We all felt exhausted and seasick. We had just come out of a huge storm full of tidal waves and heavy rain, but luckily my friends and I had managed to stay on our made raft that we made out of the trees from the beach that we set sail from after our trip from El Dorado.
I was still rowing with the oar that was also made from the beach trees. Altivo had been lying down on the raft ever since we set off; it was probably due to the headaches that he got from knocking down the trees for us to build with his head. Chel was feeling seasick and so was my best friend Tulio, who was leaning on his edge of the raft and making awful noises.
“Oh, God!” he finally snapped after hours of silence. “I can’t take anymore! Why don’t we just dive down and swim ourselves to death?”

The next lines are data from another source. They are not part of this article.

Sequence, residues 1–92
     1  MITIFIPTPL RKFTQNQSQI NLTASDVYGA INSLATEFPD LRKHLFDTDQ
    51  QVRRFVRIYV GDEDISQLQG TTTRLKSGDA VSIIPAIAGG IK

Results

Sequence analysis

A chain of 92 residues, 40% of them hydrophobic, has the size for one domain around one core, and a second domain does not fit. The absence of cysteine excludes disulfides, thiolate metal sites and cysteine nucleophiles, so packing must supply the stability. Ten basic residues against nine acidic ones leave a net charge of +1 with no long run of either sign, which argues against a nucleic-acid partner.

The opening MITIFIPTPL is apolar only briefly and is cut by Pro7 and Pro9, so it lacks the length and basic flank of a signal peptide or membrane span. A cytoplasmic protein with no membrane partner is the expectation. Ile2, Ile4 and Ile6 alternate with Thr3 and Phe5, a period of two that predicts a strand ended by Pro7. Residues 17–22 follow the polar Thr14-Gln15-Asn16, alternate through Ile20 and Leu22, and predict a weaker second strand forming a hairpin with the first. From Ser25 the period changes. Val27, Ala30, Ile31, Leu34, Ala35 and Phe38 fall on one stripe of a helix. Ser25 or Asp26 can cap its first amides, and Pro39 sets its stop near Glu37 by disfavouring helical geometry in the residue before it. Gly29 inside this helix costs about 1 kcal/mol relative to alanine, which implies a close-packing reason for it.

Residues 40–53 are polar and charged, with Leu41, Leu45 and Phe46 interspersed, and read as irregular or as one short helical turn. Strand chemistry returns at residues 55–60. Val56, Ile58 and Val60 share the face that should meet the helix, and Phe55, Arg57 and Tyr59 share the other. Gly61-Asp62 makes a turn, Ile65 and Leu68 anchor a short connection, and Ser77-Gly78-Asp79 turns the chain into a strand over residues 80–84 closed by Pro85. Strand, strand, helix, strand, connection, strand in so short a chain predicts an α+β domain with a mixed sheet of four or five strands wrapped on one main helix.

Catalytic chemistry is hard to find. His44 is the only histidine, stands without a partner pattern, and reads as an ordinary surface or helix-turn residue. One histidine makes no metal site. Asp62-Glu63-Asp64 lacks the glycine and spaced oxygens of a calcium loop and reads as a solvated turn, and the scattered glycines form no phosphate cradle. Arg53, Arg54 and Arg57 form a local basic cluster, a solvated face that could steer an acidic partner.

“Come on, Tulio, look on the positive side,” I told him.
“What? The fact that all of us are out in the middle of the ocean with no food, no water and no gold?”
“Well, for the gold part,” I said, “you don’t have any, Cortez doesn’t have any and no one except the people in El Dorado have it. As for food and water, we still got to have faith and hope. Because without it – ”
“What hope?” went on Tulio. “Miguel, we have been on sea water for four months with nothing but – ”
Then we all heard Chel making slurping sounds.
“Chel!” cried Tulio who crawled very weakly towards her. “What are you doing?”
“Oh, nothing,” smiled Chel. “Just drinking fresh water.”